CCRI to launch offshore wind training program under state, developer partnership

OFFSHORE WIND DEVELOPERS Orsted A/S and Eversource Energy are partnering with the state to launch an internationally accredited offshore wind training program at the Community College of Rhode Island. Pictured is the Block Island Wind Farm. /COURTESY ORSTED US OFFSHORE WIND

LINCOLN – If Rhode Island wants to leverage its role in the offshore wind industry to bring more jobs to the state, it needs to prepare those future workers.

How the state will train that emerging workforce became clearer on Wednesday as private and government partners gathered to announce plans to launch an internationally-recognized certificate program at the Community College of Rhode Island. The Global Wind Organization training certificate program, expected to open for enrollment in early 2023, marks the latest in a series of joint agreements between the state and the private offshore wind developers, Orsted A/S and Eversource Energy.

Orsted and Eversource, which are heading up a slew of major area offshore wind projects, will give $1 million from an already announced $4.5 million funding pot to support the new wind training program, according to a statement from Gov. Daniel J. McKee’s office. The $4.5 million pledge, first announced in 2019, funds a variety of workforce development programs through state educational institutions and the R.I. Department of Labor and  Training. The developers have separately committed $40 million to upgrades ports in Providence and Quonset.

The first-in-the-state, 44-hour CCRI program will train participants in first aid, fire awareness, working at heights and sea survival, among other skills, integrating existing facilities such as the pool with new items like 30-foot-tall structures to teach safe climbing practices and rope techniques, the release stated. 

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Boston Energy will serve as a consultant in the infrastructure improvements, instructor training, and accreditation necessary to prepare the new certificate program, with work anticipated to begin this fall.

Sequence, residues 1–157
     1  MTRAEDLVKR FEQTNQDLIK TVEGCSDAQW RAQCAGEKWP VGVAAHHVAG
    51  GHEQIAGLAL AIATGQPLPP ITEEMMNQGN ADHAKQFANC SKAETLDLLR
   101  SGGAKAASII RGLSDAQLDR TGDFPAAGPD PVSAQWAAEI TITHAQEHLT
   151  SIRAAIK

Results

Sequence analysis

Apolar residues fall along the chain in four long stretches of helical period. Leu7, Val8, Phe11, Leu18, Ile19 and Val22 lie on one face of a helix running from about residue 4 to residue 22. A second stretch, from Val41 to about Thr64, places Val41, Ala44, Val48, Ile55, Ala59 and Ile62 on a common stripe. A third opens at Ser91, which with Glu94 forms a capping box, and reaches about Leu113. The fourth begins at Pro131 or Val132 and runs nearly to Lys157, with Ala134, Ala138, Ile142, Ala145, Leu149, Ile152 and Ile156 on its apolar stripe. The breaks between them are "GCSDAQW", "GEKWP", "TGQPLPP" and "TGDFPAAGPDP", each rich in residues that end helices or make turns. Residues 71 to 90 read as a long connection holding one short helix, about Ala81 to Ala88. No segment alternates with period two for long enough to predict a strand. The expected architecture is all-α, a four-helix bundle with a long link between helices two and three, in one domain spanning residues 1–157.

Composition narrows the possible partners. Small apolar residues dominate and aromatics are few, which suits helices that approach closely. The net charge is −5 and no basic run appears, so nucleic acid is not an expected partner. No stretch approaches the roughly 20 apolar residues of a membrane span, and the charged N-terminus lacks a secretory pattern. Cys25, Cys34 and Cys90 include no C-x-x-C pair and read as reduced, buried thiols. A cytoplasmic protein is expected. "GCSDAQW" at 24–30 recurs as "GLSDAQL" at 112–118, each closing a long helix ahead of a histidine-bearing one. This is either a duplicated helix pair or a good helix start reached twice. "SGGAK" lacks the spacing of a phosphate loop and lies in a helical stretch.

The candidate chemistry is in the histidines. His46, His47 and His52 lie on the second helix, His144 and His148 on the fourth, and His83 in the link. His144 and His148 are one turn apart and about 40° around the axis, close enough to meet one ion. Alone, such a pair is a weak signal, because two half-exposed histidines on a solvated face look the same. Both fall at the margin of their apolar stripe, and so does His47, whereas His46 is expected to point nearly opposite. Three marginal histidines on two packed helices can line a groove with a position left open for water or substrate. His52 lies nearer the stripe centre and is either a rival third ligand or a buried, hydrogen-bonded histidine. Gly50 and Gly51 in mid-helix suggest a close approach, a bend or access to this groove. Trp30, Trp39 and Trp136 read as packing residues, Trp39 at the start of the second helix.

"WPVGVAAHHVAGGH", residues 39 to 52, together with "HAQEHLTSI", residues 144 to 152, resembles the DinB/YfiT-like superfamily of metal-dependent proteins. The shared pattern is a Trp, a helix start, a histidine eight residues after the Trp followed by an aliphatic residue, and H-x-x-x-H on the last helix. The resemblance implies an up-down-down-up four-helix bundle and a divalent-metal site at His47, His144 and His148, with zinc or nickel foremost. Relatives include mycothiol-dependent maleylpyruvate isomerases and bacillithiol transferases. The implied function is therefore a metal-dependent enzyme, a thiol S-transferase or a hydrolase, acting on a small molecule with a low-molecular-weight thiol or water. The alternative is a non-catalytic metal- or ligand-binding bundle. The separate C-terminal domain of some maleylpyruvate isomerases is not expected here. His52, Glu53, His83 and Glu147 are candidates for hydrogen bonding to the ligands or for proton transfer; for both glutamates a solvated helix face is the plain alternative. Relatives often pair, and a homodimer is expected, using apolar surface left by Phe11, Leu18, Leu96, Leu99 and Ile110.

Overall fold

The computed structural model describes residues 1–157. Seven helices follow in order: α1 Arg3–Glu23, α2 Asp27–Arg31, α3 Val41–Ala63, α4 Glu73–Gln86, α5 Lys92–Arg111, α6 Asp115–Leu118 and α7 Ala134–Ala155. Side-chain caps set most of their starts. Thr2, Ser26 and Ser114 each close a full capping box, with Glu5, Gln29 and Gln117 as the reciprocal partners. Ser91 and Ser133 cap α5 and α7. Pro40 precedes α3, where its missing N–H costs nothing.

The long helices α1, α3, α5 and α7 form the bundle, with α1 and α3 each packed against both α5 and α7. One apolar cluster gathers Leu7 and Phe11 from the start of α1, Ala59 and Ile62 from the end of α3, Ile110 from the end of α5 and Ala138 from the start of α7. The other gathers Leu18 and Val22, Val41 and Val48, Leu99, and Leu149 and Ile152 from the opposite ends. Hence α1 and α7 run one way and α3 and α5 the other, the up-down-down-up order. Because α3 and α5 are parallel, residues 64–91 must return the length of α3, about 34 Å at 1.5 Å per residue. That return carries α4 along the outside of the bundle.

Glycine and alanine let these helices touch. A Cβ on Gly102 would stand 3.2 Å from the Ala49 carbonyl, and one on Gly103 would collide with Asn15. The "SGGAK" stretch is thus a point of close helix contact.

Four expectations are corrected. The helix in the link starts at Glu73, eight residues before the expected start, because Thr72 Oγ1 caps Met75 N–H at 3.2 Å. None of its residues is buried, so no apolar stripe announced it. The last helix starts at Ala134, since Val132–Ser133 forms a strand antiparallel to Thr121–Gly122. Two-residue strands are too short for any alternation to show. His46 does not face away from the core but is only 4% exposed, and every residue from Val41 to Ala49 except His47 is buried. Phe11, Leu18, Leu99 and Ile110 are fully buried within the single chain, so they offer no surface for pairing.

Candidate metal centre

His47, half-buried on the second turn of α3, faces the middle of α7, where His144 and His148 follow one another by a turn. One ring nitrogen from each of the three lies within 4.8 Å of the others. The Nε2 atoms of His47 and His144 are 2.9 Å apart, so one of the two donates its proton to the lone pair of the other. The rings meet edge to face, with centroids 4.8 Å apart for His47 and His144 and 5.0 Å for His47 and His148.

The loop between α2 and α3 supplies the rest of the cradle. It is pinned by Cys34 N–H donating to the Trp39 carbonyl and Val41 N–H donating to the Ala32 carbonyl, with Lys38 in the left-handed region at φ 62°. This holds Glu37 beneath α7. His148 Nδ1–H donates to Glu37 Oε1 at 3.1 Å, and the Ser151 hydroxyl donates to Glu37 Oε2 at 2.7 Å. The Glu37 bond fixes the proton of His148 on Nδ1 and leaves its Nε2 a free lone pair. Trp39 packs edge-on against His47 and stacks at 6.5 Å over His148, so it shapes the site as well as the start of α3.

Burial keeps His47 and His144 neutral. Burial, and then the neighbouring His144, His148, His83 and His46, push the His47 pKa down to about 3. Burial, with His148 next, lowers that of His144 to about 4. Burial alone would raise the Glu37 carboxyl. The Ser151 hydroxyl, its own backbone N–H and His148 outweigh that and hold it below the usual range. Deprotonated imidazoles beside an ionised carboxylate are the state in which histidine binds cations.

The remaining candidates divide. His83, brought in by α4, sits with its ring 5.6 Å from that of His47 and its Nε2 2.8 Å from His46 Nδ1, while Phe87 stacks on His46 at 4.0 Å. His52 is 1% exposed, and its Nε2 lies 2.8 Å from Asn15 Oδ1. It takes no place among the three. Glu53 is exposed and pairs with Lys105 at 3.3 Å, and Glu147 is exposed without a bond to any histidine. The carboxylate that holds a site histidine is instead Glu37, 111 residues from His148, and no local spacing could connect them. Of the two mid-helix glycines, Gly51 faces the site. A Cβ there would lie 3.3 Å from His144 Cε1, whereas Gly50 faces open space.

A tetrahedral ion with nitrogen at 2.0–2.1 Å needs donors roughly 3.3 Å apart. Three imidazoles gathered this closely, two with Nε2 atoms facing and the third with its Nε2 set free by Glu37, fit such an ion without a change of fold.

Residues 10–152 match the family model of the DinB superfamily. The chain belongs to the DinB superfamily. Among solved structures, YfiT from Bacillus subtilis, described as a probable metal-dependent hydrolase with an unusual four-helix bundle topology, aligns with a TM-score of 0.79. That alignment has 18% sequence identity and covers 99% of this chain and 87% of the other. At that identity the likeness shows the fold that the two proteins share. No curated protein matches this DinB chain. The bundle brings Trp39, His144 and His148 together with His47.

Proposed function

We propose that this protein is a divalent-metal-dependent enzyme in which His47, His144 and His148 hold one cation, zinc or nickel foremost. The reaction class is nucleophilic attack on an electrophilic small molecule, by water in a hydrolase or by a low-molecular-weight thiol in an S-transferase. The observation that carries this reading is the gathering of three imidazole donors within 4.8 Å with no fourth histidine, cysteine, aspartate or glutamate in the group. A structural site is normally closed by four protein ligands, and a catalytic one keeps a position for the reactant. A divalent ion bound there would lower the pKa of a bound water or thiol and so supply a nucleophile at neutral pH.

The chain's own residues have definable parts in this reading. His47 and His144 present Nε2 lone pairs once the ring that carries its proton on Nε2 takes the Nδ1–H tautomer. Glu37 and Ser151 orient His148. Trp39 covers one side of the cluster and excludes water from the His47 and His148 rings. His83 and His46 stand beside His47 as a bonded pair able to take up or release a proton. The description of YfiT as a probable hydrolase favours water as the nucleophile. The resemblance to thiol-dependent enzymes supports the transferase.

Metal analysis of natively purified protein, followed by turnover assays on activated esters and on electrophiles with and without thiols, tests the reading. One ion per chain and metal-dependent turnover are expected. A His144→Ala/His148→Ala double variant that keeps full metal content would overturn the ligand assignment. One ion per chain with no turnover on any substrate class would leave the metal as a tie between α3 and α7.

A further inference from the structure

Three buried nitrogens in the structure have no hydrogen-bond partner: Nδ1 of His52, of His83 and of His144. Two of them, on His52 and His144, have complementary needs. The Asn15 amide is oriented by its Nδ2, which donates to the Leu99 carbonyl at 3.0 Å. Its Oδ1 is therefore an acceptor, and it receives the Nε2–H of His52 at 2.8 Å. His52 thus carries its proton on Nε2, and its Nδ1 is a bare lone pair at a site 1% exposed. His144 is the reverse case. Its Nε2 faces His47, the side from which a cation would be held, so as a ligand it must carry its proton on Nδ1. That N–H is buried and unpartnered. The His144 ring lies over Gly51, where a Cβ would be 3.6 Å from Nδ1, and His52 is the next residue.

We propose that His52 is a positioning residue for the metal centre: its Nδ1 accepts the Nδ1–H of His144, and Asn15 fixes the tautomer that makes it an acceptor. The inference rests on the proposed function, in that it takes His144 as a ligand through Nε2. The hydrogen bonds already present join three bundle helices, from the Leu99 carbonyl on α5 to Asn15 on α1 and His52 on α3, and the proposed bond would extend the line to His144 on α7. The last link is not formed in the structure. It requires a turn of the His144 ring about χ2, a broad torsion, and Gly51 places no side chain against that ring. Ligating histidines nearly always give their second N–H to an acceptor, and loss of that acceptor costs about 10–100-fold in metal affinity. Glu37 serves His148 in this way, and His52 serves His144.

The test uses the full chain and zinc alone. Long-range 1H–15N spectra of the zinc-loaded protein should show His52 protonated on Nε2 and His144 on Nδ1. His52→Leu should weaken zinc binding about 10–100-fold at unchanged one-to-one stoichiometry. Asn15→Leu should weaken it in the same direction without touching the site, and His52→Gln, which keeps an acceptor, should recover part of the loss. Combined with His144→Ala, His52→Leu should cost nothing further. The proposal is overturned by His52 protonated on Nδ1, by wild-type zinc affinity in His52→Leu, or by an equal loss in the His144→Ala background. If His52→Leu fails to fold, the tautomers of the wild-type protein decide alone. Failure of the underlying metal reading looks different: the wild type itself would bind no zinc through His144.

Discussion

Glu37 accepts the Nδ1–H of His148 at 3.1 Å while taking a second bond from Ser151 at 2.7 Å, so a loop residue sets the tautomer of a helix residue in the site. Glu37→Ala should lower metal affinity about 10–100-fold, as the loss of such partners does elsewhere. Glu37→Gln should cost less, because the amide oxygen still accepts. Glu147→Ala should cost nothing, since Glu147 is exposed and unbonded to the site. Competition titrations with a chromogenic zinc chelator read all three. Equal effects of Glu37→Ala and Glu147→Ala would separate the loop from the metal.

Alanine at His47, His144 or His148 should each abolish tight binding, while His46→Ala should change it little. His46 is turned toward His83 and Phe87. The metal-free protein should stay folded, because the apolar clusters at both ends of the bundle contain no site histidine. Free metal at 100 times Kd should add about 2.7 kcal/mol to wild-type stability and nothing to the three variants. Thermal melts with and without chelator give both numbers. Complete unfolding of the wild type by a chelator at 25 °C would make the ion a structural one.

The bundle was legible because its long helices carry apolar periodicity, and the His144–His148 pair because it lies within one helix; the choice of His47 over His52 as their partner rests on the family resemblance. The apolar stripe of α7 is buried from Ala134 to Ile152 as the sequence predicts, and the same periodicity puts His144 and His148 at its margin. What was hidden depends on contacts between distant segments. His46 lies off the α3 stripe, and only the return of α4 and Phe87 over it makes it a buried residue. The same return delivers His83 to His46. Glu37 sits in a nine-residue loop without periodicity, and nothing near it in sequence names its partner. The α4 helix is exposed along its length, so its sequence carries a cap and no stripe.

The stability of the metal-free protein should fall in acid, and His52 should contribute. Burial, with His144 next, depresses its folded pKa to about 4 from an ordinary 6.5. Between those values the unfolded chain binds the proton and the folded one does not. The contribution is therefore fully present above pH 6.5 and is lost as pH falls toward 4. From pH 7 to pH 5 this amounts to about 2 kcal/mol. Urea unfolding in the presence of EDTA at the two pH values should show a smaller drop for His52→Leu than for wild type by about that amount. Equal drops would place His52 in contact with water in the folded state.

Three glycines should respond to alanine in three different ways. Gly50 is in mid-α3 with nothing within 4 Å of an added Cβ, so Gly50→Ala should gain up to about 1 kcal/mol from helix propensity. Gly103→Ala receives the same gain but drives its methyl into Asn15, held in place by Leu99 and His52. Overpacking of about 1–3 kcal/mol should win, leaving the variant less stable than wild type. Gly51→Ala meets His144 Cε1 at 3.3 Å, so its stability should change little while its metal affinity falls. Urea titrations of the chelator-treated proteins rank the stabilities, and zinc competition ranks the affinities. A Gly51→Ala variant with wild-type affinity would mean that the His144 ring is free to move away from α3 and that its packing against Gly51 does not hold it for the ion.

Additionally, Orsted and Eversource through their Revolution Wind project slated for federal waters off Rhode Island’s coast said they will give more money to the DLT to train construction workers on offshore wind projects. 

“Rhode Island has momentum, and that is evident by this major workforce development initiative – it is a true collaboration between higher education, labor, and the workforce,” McKee said in a statement. “Our state has a historic, once-in-a-generation opportunity before us to capitalize on its position as the leader in wind and renewable energy, creating good-paying jobs and protecting Rhode Island’s future, while being well-positioned to lead the way in fighting the climate crisis.”

While McKee and other state officials have long touted the economic benefits that will come from the state’s involvement in offshore wind projects, the number of new jobs for Rhode Island remains unclear.

How many participants the state is hoping to graduate from its new CCRI training program was also not specified, nor is it clear that they are guaranteed jobs on Orsted and Eversource’s projects. The developers are also working on two other area wind projects, South Fork and Sunrise Wind, which will use some amount of workers and port infrastructure in Rhode Island.

Partners on the new CCRI training program also include R.I. Commerce Corp., the Rhode Island Building and Construction Trades Council and Building Futures.

Nancy Lavin is a PBN staff writer. You may reach her at Lavin@PBN.com.

 

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